Experts believe breast cancers that do not respond to hormone therapies could be treated by targeting a protein
Lethal breast cancers could be treated by targeting a protein found in cell nuclei, scientists believe.
An experimental drug that switches off the protein has already been shown to prevent tumour growth in the laboratory.
The discovery opens the door to new ways of tackling aggressive breast cancers that do not respond to hormone therapies.
About three quarters of breast tumours are driven by the female sex hormone oestrogen. They can often be treated with therapies such as tamoxifen, which blocks the effects of the hormone.
But 25% of breast cancers are not fuelled by oestrogen, and will not respond to tamoxifen or similar hormone treatments. These "oestrogen-negative" cancers tend to be the most aggressive and deadly.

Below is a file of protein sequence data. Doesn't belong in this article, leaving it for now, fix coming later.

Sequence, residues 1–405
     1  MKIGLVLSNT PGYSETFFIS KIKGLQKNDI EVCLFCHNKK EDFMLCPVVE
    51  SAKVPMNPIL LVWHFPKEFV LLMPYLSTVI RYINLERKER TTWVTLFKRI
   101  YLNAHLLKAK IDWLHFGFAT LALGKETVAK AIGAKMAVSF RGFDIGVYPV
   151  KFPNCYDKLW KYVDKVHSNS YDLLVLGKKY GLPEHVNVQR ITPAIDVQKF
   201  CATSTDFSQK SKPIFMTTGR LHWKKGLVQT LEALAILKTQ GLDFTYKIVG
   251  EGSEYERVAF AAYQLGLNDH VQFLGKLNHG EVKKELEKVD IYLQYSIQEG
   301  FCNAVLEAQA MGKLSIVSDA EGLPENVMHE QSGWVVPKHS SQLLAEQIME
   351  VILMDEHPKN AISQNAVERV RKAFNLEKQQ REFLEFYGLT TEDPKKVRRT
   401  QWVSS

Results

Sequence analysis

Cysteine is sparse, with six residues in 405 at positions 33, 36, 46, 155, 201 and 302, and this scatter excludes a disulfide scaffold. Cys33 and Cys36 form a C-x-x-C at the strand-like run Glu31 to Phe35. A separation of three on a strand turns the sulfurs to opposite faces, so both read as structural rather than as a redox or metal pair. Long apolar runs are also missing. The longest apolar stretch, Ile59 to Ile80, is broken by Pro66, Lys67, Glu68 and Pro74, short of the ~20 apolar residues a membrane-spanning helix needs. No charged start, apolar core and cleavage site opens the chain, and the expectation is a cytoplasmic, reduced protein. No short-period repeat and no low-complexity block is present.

The newly identified receptor protein ERRalpha controls genes involved in energy metabolism.
A genetic analysis of 800 breast tumours found an association between the protein's activity and the aggressiveness of oestrogen-negative cancers.
"When that ERRalpha receptor is active the outcome of these patients is much, much worse," said study leader Dr Donald McDonnell, from Duke University Medical Centre in the US.
The research, published in the journal Cancer Cell, suggests ERRalpha triggers tumour growth after receiving signals from two other proteins, HER2 and IGF-1R. Both are receptors that respond to stimuli from growth hormones.
As a result, ERRalpha is active in all breast cancer tumours where either HER2 or IGF-1R is also active. This most often occurs in oestrogen-negative cancers.